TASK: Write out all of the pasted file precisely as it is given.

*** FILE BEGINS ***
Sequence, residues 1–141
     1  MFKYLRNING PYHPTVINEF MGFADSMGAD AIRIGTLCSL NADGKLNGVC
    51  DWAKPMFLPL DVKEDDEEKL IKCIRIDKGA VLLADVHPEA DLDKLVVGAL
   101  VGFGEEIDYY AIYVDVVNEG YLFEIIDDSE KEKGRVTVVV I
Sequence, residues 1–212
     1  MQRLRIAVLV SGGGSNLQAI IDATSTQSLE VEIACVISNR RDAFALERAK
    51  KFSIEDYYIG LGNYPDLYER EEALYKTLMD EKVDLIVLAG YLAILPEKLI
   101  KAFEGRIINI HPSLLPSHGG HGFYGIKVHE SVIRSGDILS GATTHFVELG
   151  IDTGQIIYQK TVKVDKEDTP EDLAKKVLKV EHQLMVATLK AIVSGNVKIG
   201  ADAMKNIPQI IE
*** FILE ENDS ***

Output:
Sequence, residues 1–141
     1  MFKYLRNING PYHPTVINEF MGFADSMGAD AIRIGTLCSL NADGKLNGVC
    51  DWAKPMFLPL DVKEDDEEKL IKCIRIDKGA VLLADVHPEA DLDKLVVGAL
   101  VGFGEEIDYY AIYVDVVNEG YLFEIIDDSE KEKGRVTVVV I
Sequence, residues 1–212
     1  MQRLRIAVLV SGGGSNLQAI IDATSTQSLE VEIACVISNR RDAFALERAK
    51  KFSIEDYYIG LGNYPDLYER EEALYKTLMD EKVDLIVLAG YLAILPEKLI
   101  KAFEGRIINI HPSLLPSHGG HGFYGIKVHE SVIRSGDILS GATTHFVELG
   151  IDTGQIIYQK TVKVDKEDTP EDLAKKVLKV EHQLMVATLK AIVSGNVKIG
   201  ADAMKNIPQI IE